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‘Varnish Test Piece’, M.E.A

Before painting the final painting with varnish I used the ruined painting I did earlier as a tester. I bought a cheap tin of clear gloss varnish as I had used it previously in the first year of fine arts and I found it worked well.

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‘The Doll Farm’, M.E.A

The photograph above is the original and is my favourite from the series. I find her very vulgar and quite provocative. The original photograph was taken on my Canon 5DS. I re-edited that image on my mobile phone using the Lightroom app. It took quite a lot of work, there are still some areas of white that I wasn’t able to eliminate however I am not too worried as I shall simply paint those areas with the black dispersion paint when it comes to painting the piece.

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‘The Doll Farm’ for the painted series, M.E.A

I have added a slideshow above of the photographs I intend on using for my ‘The Doll Farm’, painted series.

I had a discussion with my tutor, Steve, about where I was ‘going’.

I couldn’t really answer this question, yet. I feel this is something I simply have to do, and it’s taking me on a journey to somewhere I feel I have to take but I don’t know where that will be until I get there. all I can say is “I have this intense urge to create these paintings”. I do however intend to exhibit them in the future. They will appeal to some and not to others but for me this is fine. I suppose the best compliment I could get from this series is “They’re creepy as hell”!. I will know I did my job well.

Before I continue on this journey with The Doll Farm series, there is a small number of paintings I wish to paint before I am able to completely move on.

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Photographs, M.E.A

Before I start my painted doll farm series, I want to start work on the above set of images. Most of these are very personal for me and I would like them included in the final body of work.



‘Dirk’, M.E.A

Black Dispersion on Polyamide, 70×70.

I painted this painting of Dirk, a friend who lives in Hamburg. I have painted quite a few paintings and I am using them as ‘experimental’.

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‘Fiete Muck’, M.E.A

Black Dispersion on Polyamide, 70×70.

I painted this portrait of my partner’s dog ‘Fiete Muck’, also known as ‘Baby Bear’. he died in the summer of 2018 aged 15 years old.

I will be painting this again because I am not happy with the end result. The last image, (above) I have ‘tried’ to put shading around him but it didn’t quite work out. I preferred it without the shading with a white background.



‘The Doll Farm, Painted series’, M.E.A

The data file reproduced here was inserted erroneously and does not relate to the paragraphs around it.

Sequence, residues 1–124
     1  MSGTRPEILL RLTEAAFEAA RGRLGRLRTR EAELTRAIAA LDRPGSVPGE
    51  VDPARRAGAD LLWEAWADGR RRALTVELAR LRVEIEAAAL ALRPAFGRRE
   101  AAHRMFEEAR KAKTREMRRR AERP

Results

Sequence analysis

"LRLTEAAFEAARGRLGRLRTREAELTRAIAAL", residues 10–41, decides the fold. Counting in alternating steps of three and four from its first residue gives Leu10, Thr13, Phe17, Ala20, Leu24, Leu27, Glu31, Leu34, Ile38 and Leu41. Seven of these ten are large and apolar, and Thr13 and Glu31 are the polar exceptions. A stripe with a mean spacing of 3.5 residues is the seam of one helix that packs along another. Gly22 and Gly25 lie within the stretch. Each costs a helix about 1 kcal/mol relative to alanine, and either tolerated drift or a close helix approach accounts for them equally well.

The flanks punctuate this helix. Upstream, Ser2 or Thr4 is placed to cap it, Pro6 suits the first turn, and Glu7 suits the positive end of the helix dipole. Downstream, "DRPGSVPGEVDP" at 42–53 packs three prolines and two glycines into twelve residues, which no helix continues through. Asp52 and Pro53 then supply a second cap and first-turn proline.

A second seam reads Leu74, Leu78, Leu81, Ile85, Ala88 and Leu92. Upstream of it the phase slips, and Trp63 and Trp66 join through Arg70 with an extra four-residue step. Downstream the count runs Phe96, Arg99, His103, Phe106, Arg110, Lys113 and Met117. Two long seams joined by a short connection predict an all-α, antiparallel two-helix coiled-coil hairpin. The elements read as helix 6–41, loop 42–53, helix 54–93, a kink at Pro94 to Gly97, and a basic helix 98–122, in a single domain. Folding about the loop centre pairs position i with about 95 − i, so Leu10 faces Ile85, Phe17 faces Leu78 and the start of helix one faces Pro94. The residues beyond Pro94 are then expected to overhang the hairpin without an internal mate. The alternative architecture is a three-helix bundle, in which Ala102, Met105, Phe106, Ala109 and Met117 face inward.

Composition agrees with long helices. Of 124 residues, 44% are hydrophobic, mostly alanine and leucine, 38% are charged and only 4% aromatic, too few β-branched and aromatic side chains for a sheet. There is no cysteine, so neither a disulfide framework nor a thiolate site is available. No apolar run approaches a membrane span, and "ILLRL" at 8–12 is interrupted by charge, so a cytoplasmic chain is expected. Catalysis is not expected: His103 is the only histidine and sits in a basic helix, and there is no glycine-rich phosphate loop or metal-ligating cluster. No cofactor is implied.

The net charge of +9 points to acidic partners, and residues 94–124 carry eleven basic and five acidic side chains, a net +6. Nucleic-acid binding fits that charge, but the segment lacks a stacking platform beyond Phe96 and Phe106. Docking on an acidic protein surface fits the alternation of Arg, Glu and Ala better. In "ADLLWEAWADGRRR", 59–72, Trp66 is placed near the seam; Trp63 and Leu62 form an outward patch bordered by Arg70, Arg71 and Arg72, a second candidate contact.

Black Dispersion, White Gloss Paint and Clear Gloss Varnish on Polyamide, 70×70.

I intend to make a series of the painted dolls. they are quite unique, a little bit different, and I would love to have them exhibited.

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‘The Doll Farm, Painted Series’, M.E.A

Black Dispersion, White Matt Paint and Clear Gloss Varnish on Polyamide, 70×70.

Here, I took a photograph of this barbie doll on my dining room floor (above) and in Lightroom on my mobile phone I was able to change the image to Black and White and reduce the blacks and increase the whites. I also added clarity to the image to make it sharper in order for me to paint it. I had the image printed onto acetate and used a projector to paint the image onto the frame.

When the painting was finished I put a very thick coat of the black dispersion paint to try and add texture as the paint is very flat. I then used an ordinary clear gloss wood varnish to varnish the painting after it had dried. this will also protect the painting and make it more durable. because I have used a gloss varnish on the painting it had ‘dirtied’ the white areas of the doll, so I have bought a white matt paint and I shall paint the back of the doll with the white paint ignorer to get some more white showing through.

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‘The Doll Farm, The Painted Series’, M.E.A

Black Dispersion on Polyamide, White Matt Paint and Clear Gloss Varnish, 70×70.



‘Leila’, M.E.A

Black Dispersion on Polyamide, 70×70.

This is a painted portrait of my niece, Leila Maria Kader. She is Seven years old and autistic. She is a perfect model for making portraits as she is usually in her own little world and not aware she is being photographed. This is especially good because the photographs aren’t posed.

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‘Roadsign Series’, M.E.A

Black Dispersion on Polyamide and Red Acrylic, 70×70.

This is a photograph I took of the Berlin Skyline with my 400mm lens, (freehand). The first photograph on the slideshow above was taken from my book with a mobile phone. I painted the image onto the polyamide using a projector. Because the image didn’t reach to the edge of the frame I decided to paint a red border using acrylic paint. I didn’t care whether the red border was straight or not, this wasn’t really a concern so I painted this free hand. I thought it looked like a roadsign so I decided to call it the “roadsigns series”. I plan to do maybe a set of four.